It’s the third conclusion that we can draw that interests me most, though. I’m not suggesting that every person who cites Secret of Mana as a favourite feels this way, but I think there’s definitely a subgroup of fans who are still obsessed with it because of its mysteries, both in terms of the material cut from the game and the way the game can be manipulated through its flaws.

I talked about this on GameSetWatch briefly and obliquely a while back, from memory: the idea that something we love has elements yet to be discovered is endlessly fascinating. Especially if it’s something that we’ve invested tens or even hundreds of hours into.

It’s the reason that director’s cuts of movies sell, and the reason that people re-buy albums they own when demos or outtakes or bonus tracks emerge. I bought a second copy of Whiskeytown’s ‘Stranger’s Almanac’ last year simply because it was re-released with a second disc. As one of my all-time favourite albums, the thought of new songs from that period that I hadn’t heard and demo versions of songs I had was a little too much to resist. There’s a Fleetwood Mac cover. Hard to put that back in the rack.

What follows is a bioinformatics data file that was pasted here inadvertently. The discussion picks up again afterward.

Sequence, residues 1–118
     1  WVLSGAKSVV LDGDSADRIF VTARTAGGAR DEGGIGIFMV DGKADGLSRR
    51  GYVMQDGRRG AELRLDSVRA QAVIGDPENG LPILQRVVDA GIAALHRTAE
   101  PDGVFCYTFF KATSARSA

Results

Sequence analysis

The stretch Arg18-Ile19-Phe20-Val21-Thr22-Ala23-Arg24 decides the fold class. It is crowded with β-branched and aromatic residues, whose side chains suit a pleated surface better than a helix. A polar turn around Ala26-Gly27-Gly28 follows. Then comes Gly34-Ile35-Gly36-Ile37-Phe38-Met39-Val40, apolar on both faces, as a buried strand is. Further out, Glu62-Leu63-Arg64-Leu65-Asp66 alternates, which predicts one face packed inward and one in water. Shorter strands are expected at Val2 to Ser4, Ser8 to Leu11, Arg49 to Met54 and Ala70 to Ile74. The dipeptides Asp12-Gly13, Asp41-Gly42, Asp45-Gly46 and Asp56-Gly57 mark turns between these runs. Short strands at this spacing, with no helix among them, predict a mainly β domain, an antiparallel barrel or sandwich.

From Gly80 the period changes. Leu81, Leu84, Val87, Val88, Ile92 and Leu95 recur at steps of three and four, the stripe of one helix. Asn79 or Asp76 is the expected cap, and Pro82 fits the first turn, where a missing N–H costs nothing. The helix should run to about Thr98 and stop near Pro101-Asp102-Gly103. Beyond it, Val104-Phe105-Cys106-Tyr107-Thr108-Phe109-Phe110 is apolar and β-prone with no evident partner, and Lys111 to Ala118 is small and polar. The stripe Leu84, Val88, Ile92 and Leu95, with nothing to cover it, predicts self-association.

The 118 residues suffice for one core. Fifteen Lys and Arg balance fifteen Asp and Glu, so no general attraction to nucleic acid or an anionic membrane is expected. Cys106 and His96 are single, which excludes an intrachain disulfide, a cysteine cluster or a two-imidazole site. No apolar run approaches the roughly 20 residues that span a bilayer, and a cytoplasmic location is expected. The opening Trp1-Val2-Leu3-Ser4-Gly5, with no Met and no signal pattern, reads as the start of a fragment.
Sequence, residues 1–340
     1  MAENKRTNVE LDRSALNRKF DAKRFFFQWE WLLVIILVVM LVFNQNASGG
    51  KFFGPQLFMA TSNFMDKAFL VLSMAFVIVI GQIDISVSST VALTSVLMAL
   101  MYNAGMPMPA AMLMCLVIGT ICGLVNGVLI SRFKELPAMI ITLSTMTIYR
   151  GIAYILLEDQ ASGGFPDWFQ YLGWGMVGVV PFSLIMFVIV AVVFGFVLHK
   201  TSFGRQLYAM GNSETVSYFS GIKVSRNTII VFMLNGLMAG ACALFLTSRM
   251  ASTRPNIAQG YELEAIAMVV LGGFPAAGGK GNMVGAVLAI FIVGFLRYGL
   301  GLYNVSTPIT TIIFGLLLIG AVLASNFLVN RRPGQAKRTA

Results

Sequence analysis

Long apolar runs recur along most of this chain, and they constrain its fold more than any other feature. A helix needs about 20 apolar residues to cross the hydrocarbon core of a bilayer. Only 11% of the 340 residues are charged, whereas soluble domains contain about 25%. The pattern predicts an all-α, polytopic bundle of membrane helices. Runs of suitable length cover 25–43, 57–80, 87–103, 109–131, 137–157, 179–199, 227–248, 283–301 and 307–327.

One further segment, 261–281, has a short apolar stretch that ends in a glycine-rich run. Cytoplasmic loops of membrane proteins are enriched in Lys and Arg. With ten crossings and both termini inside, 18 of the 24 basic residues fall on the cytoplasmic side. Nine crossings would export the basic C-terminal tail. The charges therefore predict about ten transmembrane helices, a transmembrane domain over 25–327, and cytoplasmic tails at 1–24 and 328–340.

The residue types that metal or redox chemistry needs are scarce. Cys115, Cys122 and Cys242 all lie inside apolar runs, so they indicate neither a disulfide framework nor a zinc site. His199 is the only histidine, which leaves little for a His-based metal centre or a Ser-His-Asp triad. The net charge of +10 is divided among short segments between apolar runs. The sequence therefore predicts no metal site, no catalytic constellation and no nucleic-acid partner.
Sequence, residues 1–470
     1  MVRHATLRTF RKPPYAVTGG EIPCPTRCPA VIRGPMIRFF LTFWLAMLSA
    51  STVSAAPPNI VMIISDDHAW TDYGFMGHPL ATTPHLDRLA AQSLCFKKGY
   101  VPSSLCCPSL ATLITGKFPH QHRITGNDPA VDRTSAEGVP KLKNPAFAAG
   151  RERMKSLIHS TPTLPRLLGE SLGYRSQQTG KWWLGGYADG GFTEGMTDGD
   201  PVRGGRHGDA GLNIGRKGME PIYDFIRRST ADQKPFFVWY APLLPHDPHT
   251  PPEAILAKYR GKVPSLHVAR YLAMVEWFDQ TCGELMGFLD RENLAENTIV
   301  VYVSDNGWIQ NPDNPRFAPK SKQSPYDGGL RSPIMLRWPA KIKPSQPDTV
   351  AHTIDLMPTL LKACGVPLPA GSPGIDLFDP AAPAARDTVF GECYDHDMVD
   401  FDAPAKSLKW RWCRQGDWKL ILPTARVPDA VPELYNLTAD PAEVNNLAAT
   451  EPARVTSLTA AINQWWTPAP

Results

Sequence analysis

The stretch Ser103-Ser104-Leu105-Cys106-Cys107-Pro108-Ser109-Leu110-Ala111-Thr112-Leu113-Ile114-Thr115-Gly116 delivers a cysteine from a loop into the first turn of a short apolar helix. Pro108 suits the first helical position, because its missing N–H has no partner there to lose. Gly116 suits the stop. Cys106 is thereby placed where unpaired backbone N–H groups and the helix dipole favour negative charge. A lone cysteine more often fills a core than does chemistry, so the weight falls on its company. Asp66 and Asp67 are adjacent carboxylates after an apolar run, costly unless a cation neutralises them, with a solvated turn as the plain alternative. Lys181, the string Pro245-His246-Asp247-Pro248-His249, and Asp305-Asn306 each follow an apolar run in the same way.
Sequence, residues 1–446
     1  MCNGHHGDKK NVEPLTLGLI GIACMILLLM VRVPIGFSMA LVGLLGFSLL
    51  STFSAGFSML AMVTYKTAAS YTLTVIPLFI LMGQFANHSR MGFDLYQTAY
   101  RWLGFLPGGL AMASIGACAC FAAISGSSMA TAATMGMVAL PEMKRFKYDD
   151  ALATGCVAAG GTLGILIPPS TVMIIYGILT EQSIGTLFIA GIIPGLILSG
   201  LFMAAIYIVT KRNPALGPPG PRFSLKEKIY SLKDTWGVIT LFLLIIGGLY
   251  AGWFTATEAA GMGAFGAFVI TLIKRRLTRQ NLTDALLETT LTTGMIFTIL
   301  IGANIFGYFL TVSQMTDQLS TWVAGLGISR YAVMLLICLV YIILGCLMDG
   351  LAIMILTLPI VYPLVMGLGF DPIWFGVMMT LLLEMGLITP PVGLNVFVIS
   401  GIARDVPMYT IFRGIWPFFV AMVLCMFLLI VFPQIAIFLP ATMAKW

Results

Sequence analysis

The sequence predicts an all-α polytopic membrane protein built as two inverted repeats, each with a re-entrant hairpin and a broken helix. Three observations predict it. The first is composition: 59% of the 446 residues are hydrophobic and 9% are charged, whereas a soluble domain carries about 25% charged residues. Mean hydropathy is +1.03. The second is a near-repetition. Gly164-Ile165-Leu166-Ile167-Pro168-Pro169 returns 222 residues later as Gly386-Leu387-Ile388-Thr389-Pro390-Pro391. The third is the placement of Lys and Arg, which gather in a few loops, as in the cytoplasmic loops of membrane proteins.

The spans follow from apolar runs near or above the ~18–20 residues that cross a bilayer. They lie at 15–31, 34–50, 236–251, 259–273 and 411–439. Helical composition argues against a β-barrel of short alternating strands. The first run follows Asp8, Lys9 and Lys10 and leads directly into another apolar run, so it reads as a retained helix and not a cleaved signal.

A Secret of Mana director’s cut is out of the question, of course. Even if it was possible, it would make absolutely zero business sense, and Square is definitely one company with a tendency to (justifiably, for the most part) prioritise business sense well above anything else. We’re never going to see the content that was cut, and in a way, it’s better that we don’t – mysteries like this tend to be more powerful before they’re revealed.

rswsActually, as a little side note, there was a version of Secret of Mana planned for Bandai's WonderSwan handheld back in 1999 which was never actually released. There was also a port of Romancing Saga that did make it out which featured content cut from the original release. There's not any word as to whether the Mana re-release would have been treated to the same, unfortunately - it was only ever mentioned by Square once, maybe twice, and then never again.

In terms of mysteries retaining their power, take for example Brian Wilson’s 2004 release ‘SMiLE’. It's spoken of in rightfully reverential tones (it’s brilliant, seriously) but it’s never going to have the same mystique that the unreleased 1967 Beach Boys version has. Similarly, the obsession that Secret of Mana fans have with the cut material would fade if that material were ever reconstructed. Not so much because it’s likely to disappoint in a relative critical sense, but because once it exists in the public sphere, its mythical status is no longer applicable.